“Protecting human dignity”

13 January 2010 by Sebastiaan Gottlieb

Antonio Cassese was the first president of the International Criminal Tribunal for the former Yugoslavia (ICTY) and is now head of the Special Tribunal for Lebanon (STL). He just announced that he will visit Lebanon in the coming weeks to complete the investigation into the assassination of former prime minister Rafiq Hariri.

He spoke to the IJT’s Sebastiaan Gottlieb.

Can you tell us anything about the progress of the STL?
We have a limited staff but we are able to work hard and produce quite a few things. We have not yet any case, as you know, and will have a trial only probably in early 2011. Meanwhile we are preparing all the practical and legal infrastructures, so that as soon as we have a case, we can proceed very expeditiously and we will not waste money or time.

Do we still need ad hoc tribunals like the STL now that the ICC has opened?
Yes, because there are cases where a country wants to get involved in trials. Say Lebanon, Sierra Leone: they say we don’t have the facilities or the necessary judiciary to bring to trial people who have committed horrendous crimes. We want an international tribunal to be established but we want to be part of that tribunal, so possibly the tribunal should be headquartered on our territory. Therefore there may be a situation where, in spite of the importance of the ICC, it would be important to set up a tribunal, which is tailor-made to a particular situation in a particular country.

Want to read more?

If you subscribe to a free membership, you can read this article and explore our full archive, dating back to 1997.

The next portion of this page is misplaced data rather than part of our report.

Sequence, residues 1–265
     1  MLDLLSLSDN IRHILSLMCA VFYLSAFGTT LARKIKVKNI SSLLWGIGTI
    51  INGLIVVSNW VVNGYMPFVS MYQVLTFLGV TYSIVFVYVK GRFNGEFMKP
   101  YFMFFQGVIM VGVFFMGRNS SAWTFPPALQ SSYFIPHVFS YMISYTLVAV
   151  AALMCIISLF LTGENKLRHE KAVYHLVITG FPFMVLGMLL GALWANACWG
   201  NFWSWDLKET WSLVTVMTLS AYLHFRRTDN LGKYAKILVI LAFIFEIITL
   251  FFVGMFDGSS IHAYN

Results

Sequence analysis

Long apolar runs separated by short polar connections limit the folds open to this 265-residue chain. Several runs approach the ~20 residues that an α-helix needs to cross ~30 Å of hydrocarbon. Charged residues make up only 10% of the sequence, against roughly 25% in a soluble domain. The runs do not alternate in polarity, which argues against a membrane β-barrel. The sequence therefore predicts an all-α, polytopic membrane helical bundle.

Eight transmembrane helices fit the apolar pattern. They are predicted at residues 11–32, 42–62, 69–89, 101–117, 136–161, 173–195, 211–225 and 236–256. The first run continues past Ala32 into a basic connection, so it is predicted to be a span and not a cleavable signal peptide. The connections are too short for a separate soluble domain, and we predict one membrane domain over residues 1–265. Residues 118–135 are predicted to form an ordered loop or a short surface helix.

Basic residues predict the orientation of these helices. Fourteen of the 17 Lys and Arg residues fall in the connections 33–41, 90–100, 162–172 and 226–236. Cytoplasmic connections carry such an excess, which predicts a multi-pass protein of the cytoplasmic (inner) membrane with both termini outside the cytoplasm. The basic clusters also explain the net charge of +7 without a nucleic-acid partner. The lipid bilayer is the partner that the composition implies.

Subscribe now

Related articles

21 December 2011 by Thijs Bouwknegt

Being the ICC's Chief Prosecutor is a delicate and politically sensitivejob.ForLuisMorenoOcampo it has been "the best job in the world." Fatou Bensouda will be taking over his office in June. She inhe

07 December 2011 by Thijs Bouwknegt

December 7, 2011 Ivory Coast is the latest playgroundoftheInternationalCriminal Court. This week the courtroom in The Hague became its theatre of justice. Chief Prosecutor Luis Moreno Ocampo proudly p

07 December 2011 by Richard Walker

Four Congolese witnesses testifying at the International Criminal Court (ICC) in The Hague, find themselves caught in a legal wrangle, which could at once set a legal precedent and make them the last

07 December 2011 by Lindy Janssen

Brazil is booming. The economy is expanding and the country is getting ready to host the Football World Cup in 2014 and the Olympics in 2016. But the Latin American giant has not even begun dealing wi

07 December 2011 by Radosa Milutinovic

The primary purpose of the retrial of Ramush Haradinaj, as proclaimed by the International Criminal Tribunal for the former Yugoslavia in its appeal judgement in July, should have been to hear testimonies of two "key" witnesses who proved unwilling to testify in the original trial in 2007. Almost four months into the retrial which started in mid-August, its stated aim has not yet been achieved.